Rewarding and retaining volunteers


A board member of a nonprofit animal shelter in Florida recently asked a good question, "How can nonprofits with limited funds reward their volunteers?"

Volunteer engagement -- the recruitment, orientation, management, recognition, and retention of volunteers -- is a core specialty of Project Partners. Our training program, "Volunteers. You can't live with them. You can't live without them." has been wildly popular since so many professionals are put in their positions without any training on the art and science of volunteer engagement. Having a foundation of knowledge makes all the difference. I could write a book on this subject and will add to this in future Good Advice articles, but start with why volunteers volunteer in the first place.

Volunteers are motivated by several things:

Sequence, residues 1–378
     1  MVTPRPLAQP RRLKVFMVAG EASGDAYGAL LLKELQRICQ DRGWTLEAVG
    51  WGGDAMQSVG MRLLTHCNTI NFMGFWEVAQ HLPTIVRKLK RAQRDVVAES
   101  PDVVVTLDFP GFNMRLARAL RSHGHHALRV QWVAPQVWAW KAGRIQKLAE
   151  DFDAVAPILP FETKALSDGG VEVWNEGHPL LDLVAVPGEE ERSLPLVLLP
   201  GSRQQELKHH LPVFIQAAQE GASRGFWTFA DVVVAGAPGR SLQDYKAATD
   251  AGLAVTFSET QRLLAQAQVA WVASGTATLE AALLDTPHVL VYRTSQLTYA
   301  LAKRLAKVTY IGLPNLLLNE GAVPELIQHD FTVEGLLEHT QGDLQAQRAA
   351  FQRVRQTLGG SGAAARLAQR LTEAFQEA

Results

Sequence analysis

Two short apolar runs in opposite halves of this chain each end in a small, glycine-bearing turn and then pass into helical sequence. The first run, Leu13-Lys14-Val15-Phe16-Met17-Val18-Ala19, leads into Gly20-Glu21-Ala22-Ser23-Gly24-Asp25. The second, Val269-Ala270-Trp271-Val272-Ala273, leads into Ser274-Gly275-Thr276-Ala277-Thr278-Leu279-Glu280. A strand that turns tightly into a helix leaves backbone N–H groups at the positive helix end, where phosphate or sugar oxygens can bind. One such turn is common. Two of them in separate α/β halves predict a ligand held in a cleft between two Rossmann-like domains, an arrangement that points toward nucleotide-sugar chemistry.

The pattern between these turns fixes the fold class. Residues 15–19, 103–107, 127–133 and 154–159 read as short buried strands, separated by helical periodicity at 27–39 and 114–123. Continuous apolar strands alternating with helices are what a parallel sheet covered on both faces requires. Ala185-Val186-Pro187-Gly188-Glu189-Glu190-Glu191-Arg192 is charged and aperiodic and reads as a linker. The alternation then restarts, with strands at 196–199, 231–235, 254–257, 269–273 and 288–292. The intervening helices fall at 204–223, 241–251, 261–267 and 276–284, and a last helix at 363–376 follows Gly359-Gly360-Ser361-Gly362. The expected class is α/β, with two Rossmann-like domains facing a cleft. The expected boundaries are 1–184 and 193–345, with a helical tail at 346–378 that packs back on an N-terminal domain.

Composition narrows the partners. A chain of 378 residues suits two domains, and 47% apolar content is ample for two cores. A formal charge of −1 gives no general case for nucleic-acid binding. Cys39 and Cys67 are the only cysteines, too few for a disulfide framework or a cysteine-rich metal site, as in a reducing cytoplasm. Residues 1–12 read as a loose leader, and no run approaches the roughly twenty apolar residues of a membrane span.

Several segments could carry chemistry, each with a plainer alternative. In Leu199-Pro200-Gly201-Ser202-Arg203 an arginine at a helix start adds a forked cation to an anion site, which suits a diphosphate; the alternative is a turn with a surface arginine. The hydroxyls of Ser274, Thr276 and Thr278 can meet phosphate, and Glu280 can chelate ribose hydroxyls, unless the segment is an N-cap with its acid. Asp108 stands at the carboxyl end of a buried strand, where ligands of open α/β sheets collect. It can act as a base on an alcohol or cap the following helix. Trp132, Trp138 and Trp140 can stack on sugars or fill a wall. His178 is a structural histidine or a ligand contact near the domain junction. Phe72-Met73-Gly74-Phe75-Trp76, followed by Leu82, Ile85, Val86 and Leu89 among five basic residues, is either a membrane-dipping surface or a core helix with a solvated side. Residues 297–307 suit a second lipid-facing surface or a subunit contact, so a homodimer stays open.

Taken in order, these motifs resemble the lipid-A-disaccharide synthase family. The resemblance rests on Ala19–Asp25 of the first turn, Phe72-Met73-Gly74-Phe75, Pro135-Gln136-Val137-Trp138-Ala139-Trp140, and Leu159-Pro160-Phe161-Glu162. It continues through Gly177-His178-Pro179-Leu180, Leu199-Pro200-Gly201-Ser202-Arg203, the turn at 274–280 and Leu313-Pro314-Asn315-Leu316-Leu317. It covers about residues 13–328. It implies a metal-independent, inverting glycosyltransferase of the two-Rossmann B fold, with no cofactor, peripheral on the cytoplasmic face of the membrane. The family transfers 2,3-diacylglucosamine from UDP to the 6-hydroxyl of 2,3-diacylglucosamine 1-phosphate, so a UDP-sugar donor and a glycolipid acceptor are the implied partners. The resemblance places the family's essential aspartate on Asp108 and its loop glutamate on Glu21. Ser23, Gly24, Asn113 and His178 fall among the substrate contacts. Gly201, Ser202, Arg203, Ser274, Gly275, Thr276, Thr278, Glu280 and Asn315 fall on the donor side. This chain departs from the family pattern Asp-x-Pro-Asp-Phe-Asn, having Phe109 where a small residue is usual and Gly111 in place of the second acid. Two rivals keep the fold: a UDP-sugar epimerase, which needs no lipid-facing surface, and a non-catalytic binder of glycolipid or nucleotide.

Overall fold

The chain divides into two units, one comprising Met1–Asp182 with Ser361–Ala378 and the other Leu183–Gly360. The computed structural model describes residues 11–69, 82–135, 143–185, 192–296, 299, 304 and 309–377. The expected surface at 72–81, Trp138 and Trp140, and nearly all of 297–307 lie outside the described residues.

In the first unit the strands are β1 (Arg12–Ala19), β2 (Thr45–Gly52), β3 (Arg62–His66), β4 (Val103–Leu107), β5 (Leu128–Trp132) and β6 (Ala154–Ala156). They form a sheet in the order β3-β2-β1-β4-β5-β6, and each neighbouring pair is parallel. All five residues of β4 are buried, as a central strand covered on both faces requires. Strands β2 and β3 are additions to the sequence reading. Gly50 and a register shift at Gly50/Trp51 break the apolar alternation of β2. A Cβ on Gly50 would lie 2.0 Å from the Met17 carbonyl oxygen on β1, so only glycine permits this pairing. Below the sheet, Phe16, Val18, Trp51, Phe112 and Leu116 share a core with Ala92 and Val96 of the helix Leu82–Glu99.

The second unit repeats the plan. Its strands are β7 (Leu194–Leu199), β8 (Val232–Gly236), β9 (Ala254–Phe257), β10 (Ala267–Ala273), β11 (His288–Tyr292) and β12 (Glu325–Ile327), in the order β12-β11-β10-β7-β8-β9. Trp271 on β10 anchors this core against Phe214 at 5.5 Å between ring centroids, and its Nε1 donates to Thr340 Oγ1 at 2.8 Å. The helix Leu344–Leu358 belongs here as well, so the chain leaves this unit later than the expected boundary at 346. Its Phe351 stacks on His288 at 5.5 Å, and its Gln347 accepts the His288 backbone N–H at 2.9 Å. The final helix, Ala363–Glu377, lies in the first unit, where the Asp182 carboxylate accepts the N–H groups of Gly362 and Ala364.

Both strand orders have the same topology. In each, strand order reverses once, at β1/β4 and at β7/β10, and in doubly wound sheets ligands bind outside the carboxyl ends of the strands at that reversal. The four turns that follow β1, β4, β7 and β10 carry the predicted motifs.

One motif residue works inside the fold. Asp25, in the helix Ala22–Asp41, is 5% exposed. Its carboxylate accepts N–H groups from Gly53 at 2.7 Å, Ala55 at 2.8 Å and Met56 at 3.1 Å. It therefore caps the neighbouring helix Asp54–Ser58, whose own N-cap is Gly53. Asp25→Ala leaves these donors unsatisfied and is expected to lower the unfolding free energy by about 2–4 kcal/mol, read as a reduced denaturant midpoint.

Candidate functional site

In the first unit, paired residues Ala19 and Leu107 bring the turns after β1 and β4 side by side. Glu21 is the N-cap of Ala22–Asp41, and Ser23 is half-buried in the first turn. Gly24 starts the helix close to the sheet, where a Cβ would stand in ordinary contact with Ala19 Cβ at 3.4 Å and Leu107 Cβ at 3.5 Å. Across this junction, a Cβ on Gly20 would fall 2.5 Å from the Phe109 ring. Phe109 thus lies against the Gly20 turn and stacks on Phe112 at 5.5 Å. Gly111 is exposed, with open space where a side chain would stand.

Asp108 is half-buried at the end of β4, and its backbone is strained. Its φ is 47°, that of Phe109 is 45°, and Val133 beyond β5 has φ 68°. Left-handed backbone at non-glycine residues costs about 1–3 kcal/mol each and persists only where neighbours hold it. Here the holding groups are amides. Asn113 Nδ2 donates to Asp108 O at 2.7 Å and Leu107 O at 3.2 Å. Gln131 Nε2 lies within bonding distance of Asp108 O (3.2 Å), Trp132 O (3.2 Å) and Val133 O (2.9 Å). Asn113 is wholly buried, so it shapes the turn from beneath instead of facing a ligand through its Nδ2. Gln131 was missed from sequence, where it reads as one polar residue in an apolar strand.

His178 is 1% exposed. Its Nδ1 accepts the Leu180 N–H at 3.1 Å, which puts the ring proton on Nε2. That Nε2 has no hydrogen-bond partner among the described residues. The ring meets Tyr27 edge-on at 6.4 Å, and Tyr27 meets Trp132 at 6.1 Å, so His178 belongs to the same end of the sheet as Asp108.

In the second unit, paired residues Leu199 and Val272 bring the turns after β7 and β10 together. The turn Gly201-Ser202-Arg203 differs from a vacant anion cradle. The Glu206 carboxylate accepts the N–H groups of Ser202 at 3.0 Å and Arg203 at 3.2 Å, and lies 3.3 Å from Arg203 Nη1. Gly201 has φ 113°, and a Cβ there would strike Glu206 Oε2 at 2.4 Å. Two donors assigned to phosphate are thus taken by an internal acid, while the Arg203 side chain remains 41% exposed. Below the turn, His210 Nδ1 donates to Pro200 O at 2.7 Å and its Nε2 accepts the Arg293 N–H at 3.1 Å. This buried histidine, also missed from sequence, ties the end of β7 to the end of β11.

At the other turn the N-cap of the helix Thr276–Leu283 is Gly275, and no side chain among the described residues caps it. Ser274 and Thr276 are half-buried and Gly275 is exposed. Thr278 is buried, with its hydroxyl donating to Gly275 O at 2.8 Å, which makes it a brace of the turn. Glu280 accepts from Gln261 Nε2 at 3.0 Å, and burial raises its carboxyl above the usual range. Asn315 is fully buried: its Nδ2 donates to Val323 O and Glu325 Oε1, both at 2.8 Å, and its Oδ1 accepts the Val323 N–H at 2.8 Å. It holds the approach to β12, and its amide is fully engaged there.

·    Desire to develop skills and expertise;

·    Desire to build personal relationships;

·    Desire for status, power, prestige, or community profile;

·    Encouragement from their employer;

·    Desire to make a difference;

·    Love your mission; and

·    They were asked!

With this in mind, the staff and volunteer leadership teams tasked with engaging volunteers must tailor their incentives, rewards, and management styles  to their volunteers -- and no two volunteers are alike. This might be time consuming, but there is no better way to increase capacity for a nonprofit than to increase the quantity and quality of the volunteer "workforce".

·    Recruit to job descriptions;

·    Orient to those job descriptions; and

·    Provide direction, support, and follow-up.

·    Recognize them through board and committee meetings, major events, e-mails, hand-written notes and letters, communications channels, small gifts or honorariums, very personal approaches like introductions to someone they want to meet, and more.

Loyalty and retention will be your reward.